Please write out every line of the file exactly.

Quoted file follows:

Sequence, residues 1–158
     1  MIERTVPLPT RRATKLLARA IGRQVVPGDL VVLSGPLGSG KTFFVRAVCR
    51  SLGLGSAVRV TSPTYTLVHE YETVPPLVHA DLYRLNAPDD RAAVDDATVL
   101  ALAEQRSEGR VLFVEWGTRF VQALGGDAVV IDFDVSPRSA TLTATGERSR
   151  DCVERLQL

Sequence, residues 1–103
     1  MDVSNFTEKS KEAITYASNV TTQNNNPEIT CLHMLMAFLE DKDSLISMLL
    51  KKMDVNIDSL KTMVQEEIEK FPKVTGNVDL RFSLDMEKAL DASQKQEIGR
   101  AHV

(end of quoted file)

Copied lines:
Sequence, residues 1–158
     1  MIERTVPLPT RRATKLLARA IGRQVVPGDL VVLSGPLGSG KTFFVRAVCR
    51  SLGLGSAVRV TSPTYTLVHE YETVPPLVHA DLYRLNAPDD RAAVDDATVL
   101  ALAEQRSEGR VLFVEWGTRF VQALGGDAVV IDFDVSPRSA TLTATGERSR
   151  DCVERLQL

Sequence, residues 1–103
     1  MDVSNFTEKS KEAITYASNV TTQNNNPEIT CLHMLMAFLE DKDSLISMLL
    51  KKMDVNIDSL KTMVQEEIEK FPKVTGNVDL RFSLDMEKAL DASQKQEIGR
   101  AHV